Interim or Permanent Rabbi: The Best Way to Go?

It depends.

Temple Ner Tamid is a 480+ family congregation in Bloomfield, NJ – about 12 miles west of the Lincoln Tunnel. When Rabbi Steven Kushner becomes our emeritus rabbi in June, he will have been our rabbi for 38 years.

Two years ago, he shared with the congregation his retirement plans. It wasn’t a shock. Synagogue leadership was aware of his plans and a Transition Committee had already been formed and involved in the planning of this important announcement. We consulted early on with the Central Conference of American Rabbis (“CCAR”) and the Union for Reform Judaism (“URJ”). We created a calendar of focus groups/parlor meetings to engage a critical mass of our community in a conversation about our synagogue’s strengths and weaknesses and our hopes and dreams for the future.

The rabbi’s retirement was really a natural occurrence. There was no crisis in leadership – no warring board or staff factions, no board meetings where people almost came to blows. And no serious financial challenges. There could always be a bigger endowment fund, so the congregation is not so reliant on dues and religious school tuition. And all of these issues were raised by congregants in our focus groups.

Our Transition Committee analyzed intensely the feedback from the 200 people who participated in focus groups. We read literature about transition and organizational change. We spoke to synagogue leaders who had engaged interim rabbis for 1-2 years before hiring a permanent rabbi, and those who were intent on hiring a permanent rabbi. And over the course of many weeks, we had some very intense discussions about hiring an interim or permanent rabbi.

The Transition Committee decided to move forward with conducting a search for a permanent rabbi. While we had issues, none were that critical. And we felt that engaging an interim would put our future on hold for a year.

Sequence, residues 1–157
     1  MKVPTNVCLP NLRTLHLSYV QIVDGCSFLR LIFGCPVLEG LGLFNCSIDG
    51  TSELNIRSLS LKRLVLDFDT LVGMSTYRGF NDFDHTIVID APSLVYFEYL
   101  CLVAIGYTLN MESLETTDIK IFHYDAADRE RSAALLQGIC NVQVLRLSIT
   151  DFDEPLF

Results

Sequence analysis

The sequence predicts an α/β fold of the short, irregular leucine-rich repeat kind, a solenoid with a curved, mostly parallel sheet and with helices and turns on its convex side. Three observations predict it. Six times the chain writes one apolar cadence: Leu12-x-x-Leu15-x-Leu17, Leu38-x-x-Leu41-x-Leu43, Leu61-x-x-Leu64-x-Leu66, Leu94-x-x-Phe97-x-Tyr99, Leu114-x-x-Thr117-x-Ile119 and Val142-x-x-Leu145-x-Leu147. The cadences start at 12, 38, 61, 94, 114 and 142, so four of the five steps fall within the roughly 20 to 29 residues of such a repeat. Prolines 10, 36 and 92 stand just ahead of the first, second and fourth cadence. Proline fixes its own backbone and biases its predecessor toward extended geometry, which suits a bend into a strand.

Also, the way the search process works through the CCAR, should our search committee have been unable to find the right candidate for a permanent hire by the end of the calendar year, we would then be able to engage in a search process for an interim rabbi in the early months of 2018.

There are never any guarantees when you hire anyone. This is true when hiring a permanent rabbi or an interim rabbi. Especially such a critical position for a synagogue that has had one spiritual leader for nearly four decades. Like any work situation, there will be a period of adjustment. It will take time for leadership, staff, and congregants to get used to a new person on the Bima, a new sermonic voice.

I guess that is what people said 37 years ago when Rabbi Kushner came to our community. And things worked out pretty well, and we are confident that, in July 2018, our synagogue will continue to be a vibrant sacred community with Rabbi Marc Katz as our spiritual leader.

And there are synagogues that go the permanent rabbi search route where the person hired in fact becomes the “unintended interim”.

I am not advocating that conducting a search for a permanent rabbi is right for every synagogue. Read this and read this about interim success stories.

It just seemed right for us!

1 Comment on “Interim or Permanent Rabbi: The Best Way to Go?

  1. The missing part of your article is how your temple will transition to a new rabbi after having had the same man in the pulpit for close to 40 yrs, which is essentially 2 generations… at least.
    An interim rabbi affords the congregation the opportunity to mourn their loss and then begin to see the world post-Kushner. Without an interim rabbi, your temple had better engage in a massive transition program that is carefully structured. Otherwise your new permanent rabbi stands no chance of succeeding.

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